Allowing Women Into Ranger School Will Lead To Cultural Change In The Army

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A company of rangers silently negotiate their way to an enemy objective while participating in the third phase of ranger training at Camp James E. Rudder, Florida.
Photo by Master Sgt. Cecilio Ricardo

As a graduate of Ranger School and someone who has spent a fair amount of time leading infantrymen in combat, I find it heartening that the Army appears willing to entertain the notion of allowing women to attempt Ranger School through a one-time assessment early next year, so long as they can meet the same physical standards and prerequisites as their male counterparts. This announcement was made on Friday, Sept. 12, as part of the Army’s effort to assess how and when to open up combat arms military occupational specialties to women. A final decision will not be made until January about whether to move ahead with the assessment.


If the Army decides to move forward, it will represent a shift away from what former Capt. Ashley Nicolas calls “the bigotry of low standards,” which for servicewomen in the Army mean, “Low bars for performance are set, minimum performance is expected and anything exceeding the minimum is viewed as exemplary.” For too long, a culture where women are seen as unequal to men has been perpetuated by assumptions that women are not physically or mentally strong enough to lead in combat.

However, the simple truth is that Ranger School produces, without fail, exceptional leaders, so long as they adhere to the Ranger creed and the lessons learned over those 62 days. Internalization of the Ranger creed, and the confidence that comes with enduring and succeeding in some of the most adverse conditions imaginable, creates leaders who can see organizations through the toughest of times. Therefore, it makes sense that Ranger School should lead the way in changing military perceptions of servicewomen and their abilities.

For many in the combat arms community, one major issue has been ensuring that the standards required to attain the Ranger tab are not dropped. Combat doesn’t discriminate based on sex, so ensuring the Army has leaders trained to the same high standard is essential. It’s important to note that under the Army’s proposed plan, women volunteers will have to attend Fort Benning’s Ranger Training and Assessment Course run by the National Guard. Every man I’ve spoken with who has attended this course found it to be extraordinarily challenging --- often harder than Ranger School itself --- and believe it was instrumental in their success in Ranger School. Women volunteers will also have to meet the same physical fitness test scores as their male counterparts (on the 17-to-21-year-old age scale) and will be required to complete all other physical qualifications and prerequisites. This requirement to meet the same physical standards should silence many critics.

Some may argue that these women volunteers are not being set up for success because they do not have enough time to prepare for Ranger School. However, I would counter since the earliest opening of a Ranger class will be in spring 2015, there is more than ample time to prepare physically to meet what are widely known physical standards required of Ranger students.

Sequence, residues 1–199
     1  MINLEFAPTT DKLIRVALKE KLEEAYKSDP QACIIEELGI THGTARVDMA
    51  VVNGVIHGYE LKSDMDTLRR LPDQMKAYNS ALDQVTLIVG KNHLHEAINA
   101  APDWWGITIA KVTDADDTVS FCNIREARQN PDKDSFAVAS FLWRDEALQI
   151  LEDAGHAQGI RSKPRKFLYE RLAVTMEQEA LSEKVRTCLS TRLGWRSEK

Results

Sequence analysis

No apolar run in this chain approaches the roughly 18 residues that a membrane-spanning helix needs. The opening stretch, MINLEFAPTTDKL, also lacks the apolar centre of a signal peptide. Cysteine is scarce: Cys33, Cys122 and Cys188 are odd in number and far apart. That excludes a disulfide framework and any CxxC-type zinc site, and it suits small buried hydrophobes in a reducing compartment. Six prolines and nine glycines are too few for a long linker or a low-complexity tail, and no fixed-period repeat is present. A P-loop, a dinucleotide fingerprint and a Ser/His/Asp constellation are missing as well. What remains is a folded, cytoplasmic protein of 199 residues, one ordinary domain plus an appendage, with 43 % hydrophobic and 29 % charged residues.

While much of this debate centers on the issue of equal physical standards, what gets lost is the fact that Ranger School doesn’t truly begin until after the Benning phase. It is not until students are three weeks or so into the course that the mountains of the Tennessee Valley Divide of Northern Georgia, start to impart the lasting memories of all Ranger graduates — the inescapable realities of exhaustion and hunger. In the mountains, every student begins to experience “droning” — falling asleep while still walking patrol and invariably wandering off into the dark nothingness of the woods --- and the omnipresent thoughts of food and hunger take root. By the time I finished the third phase of Ranger School in Florida, I was 30 pounds lighter than I when entered the course.

The real value of Ranger School is how people react and lead peers under these conditions. It is in the darkness of a cold and rainy night in late March that Ranger students realize how hard (or not) they really are, and what true leadership is about.

If the Army moves forward with opening its doors to women, the decision will set the conditions to create a wider base of Ranger leaders throughout the force. The physical standards required are known, and aspiring students have the time to prepare. Tactically, missions in Ranger School are fairly simple --- squad and platoon ambushes, raids, and reconnaissance. Those too can be learned and trained. What cannot be trained is the mental toughness and perseverance it takes to make it through those 62 days (or more for those recycling a phase). That has to come from within. There will certainly be challenges for the first women who enter, but my advice is to internalize the final stanza of the Ranger creed deep into memory:

Readily will I display the intestinal fortitude required to fight on to the ranger objective and complete the mission, though I be the lone survivor.

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